Feeling included and fitting in at school
Having difficulty fitting in at school is a common issue for many kids. What about when you have a disability? For Peta life just got a bit more complicated.
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Peta [00:00:02] Hello and welcome to The I Can't Stand Podcast, the podcast, answering your questions on what it's like to live with a disability. My name is Peta. I have cerebral palsy. I'm your host and I love to answer your questions. If you'd like to ask me a question, you can do it via my Instagram, which is @petahooke via email, which is firstname.lastname@example.org or via my website, www.icantstandpodcast.com. OK, without any further ado, let's get into it.
[00:00:48] This week, I had a really great question, and I know I say that every week, but it was a really great question. I got it from Kati. Kati asked me.
Kati [00:00:59] Peta, how did you go fitting in at school?
Peta [00:01:07] Oh goodness, ok. So I'm going to talk a little bit about my experience during education, and then I'm going to suggest some ways that schools could make sure that kids with disabilities feel more included and fit into social groups more effectively.
[00:01:27] So when I was four, I started in the community kinder. I love my kindergarten. I have very, very fond, fond memories of it. I was an anomaly and stood out. Surprise, surprise. So all the kids were obsessed with my walker. At that stage, I used a walker. I didn't use a wheelchair. Yeah, the kids were all lovely because, at that age, they didn't realise that disability could be negative. It was fantastic.
[00:02:00] Primary school, I'm pleased to say, wasn't much different because my kindergarten was basically next to my primary school. A lot of my kindergarten class ended up starting prep with me. So I had a really good head start in making friends. I felt like I was part of the big group. The school was fantastic in making me feel a part of the school and not somebody different. There was one other boy that had a physical disability that had a purple wheelchair that I think was the year below me or maybe two years below me. There were a few kids with what was called learning disabilities back in the day, which I was actually very close with at the time. Yeah,
we weren't really seen as different, I don't think even the word disability really came up at my primary school.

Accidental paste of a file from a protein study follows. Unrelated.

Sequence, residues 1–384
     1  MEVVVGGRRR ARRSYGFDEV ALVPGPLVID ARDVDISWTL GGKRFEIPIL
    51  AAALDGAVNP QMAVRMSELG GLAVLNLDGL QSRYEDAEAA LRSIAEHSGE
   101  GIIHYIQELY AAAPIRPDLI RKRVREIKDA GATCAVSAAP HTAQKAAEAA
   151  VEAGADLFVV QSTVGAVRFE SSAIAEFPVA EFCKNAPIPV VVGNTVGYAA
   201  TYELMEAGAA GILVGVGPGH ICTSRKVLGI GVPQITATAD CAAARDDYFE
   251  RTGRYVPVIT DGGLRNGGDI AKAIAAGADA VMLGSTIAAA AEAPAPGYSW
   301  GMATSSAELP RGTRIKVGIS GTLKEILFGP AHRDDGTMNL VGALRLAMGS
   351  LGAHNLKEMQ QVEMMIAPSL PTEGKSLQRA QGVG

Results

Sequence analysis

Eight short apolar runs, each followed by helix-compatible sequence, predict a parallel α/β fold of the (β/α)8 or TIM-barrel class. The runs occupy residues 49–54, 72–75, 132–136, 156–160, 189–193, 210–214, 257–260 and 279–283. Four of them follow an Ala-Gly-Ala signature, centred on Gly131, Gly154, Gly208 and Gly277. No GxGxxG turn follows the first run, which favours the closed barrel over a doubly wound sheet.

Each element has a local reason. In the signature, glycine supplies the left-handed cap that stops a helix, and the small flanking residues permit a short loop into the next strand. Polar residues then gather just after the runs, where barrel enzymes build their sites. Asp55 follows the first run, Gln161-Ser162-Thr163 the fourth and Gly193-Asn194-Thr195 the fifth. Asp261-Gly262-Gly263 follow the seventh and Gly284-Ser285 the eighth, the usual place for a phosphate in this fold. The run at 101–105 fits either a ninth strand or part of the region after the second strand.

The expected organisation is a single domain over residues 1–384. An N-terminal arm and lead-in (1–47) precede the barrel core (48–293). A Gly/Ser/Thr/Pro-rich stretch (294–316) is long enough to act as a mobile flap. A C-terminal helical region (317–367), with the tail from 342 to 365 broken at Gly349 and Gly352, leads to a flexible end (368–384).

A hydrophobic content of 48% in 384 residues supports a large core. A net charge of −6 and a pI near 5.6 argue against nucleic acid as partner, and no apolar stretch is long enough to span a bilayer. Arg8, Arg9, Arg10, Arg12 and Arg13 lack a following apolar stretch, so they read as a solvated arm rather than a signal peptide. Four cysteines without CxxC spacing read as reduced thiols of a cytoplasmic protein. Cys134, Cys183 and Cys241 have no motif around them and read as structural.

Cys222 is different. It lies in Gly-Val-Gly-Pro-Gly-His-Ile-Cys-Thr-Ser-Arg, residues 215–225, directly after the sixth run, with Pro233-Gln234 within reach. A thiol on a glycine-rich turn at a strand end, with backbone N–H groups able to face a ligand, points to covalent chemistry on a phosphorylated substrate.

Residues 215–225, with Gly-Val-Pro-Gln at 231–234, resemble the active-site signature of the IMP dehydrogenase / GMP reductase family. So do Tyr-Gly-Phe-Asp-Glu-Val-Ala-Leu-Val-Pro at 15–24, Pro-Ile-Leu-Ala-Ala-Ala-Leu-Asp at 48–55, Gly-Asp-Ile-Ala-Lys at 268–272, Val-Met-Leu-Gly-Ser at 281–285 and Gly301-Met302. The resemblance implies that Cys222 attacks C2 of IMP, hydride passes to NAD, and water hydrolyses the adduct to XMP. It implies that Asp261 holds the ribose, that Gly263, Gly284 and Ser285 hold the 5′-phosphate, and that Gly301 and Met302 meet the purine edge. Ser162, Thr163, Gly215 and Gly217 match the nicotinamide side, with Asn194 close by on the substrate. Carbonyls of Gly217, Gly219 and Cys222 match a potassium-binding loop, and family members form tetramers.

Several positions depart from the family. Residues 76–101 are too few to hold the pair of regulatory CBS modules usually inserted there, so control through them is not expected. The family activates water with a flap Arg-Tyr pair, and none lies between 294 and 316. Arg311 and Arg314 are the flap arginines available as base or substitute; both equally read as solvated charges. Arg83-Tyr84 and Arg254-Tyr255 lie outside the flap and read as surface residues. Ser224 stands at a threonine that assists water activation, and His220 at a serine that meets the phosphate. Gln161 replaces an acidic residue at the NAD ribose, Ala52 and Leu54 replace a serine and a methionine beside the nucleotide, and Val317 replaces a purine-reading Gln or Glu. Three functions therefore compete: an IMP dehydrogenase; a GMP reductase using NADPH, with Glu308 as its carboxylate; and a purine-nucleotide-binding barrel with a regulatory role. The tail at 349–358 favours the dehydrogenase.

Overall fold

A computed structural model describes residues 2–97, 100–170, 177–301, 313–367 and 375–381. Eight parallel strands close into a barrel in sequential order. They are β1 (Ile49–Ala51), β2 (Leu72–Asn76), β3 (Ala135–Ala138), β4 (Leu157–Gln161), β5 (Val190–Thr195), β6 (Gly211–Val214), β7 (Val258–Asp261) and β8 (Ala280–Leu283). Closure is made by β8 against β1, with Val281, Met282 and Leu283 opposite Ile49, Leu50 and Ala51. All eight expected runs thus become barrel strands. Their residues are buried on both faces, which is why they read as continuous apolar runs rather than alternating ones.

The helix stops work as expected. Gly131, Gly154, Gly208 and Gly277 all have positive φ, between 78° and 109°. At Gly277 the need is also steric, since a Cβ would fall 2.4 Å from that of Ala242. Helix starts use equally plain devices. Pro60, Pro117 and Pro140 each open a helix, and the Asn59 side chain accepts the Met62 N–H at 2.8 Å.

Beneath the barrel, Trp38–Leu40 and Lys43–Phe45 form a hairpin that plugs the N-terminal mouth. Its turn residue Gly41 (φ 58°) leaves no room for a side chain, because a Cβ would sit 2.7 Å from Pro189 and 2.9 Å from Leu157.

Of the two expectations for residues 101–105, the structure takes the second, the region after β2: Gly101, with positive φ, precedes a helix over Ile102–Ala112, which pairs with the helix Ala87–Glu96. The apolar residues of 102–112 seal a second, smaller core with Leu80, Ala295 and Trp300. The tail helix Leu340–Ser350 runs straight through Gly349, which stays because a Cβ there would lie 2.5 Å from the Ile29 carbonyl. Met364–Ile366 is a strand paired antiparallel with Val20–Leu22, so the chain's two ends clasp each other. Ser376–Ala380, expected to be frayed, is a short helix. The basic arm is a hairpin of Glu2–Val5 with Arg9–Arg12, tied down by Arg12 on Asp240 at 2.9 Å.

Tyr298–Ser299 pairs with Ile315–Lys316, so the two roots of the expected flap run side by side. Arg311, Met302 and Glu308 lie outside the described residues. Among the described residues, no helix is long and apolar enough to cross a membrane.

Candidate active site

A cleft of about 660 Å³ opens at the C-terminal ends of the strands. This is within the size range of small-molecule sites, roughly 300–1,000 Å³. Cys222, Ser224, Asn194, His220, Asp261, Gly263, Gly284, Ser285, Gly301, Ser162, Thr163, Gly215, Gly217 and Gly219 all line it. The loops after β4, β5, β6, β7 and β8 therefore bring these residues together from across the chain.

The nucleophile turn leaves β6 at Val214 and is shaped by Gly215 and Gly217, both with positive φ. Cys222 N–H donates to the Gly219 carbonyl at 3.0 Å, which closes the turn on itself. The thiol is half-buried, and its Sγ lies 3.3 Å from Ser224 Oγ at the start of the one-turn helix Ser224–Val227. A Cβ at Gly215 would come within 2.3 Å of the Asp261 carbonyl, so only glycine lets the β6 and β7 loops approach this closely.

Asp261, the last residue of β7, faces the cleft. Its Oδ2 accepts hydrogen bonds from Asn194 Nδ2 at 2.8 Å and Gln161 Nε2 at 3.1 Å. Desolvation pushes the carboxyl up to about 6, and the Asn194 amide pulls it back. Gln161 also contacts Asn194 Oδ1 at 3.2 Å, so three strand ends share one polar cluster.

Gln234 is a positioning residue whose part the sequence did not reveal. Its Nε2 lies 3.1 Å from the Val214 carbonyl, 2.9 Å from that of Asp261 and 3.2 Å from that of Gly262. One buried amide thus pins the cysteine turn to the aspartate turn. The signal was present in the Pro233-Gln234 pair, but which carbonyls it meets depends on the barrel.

[00:02:56] In high school, like a lot of people, it got a little bit more complicated. I started high school, year seven and I went into a private school and I felt a really, really clear shift between my public primary school and my private high school. This wasn't helped by the fact that six months before I had an operation go really wrong, which I'll talk about in another episode, but I had an operation go really wrong. I was really sick. So it was basically a miracle that I started year seven on time at all. I was on some really, really heavy; legal, legal, very legal, but heavy drugs to deal with the pain. In hindsight, I'm not surprised. I struggled to make friends because I would have been so spaced out. I was not in my own body for many, many months. I mean, I remember sitting in my first maths class and I couldn't take in any of what the teacher was saying, and all I could say was little purple elephants running all over the room. So it's not a surprise that many of the kids didn't warm to me straight away. And you know where 12 going on, 13, we're all awkward, we're all anxious, we're all starting a new school and I'm the only one at the school to ever have had a physical disability, to my knowledge, anyway.
[00:04:37] Look, of course, I made friends. It happened eventually, but it definitely was a much more difficult process than I had been previously. From probably halfway through year seven, all the way up to you, 12, I stayed in the one friendship group. There were six of us, and looking back now, I don't really know how to describe a group. I'm still friends with two of the girls today and when I asked them why it was that we all gravitated towards each other, I can't really put it into words, and neither can they. So I was definitely not part of the sporty group just by default. I was definitely not academic, definitely not. With being so sick in year seven, I didn't really take that much in and to be honest, I was sick up until I was about 15 or 16, so I was definitely not part of the smart group. I was also not nerdy, which was very inconvenient. There was a lot of lovely sort of nerdy people at my school that would have accepted me in my disability wholeheartedly. But I wasn't nerdy enough for them. I didn't really get it. So I definitely not part of the nerdy group. And I definitely wasn't part of the pretty group either.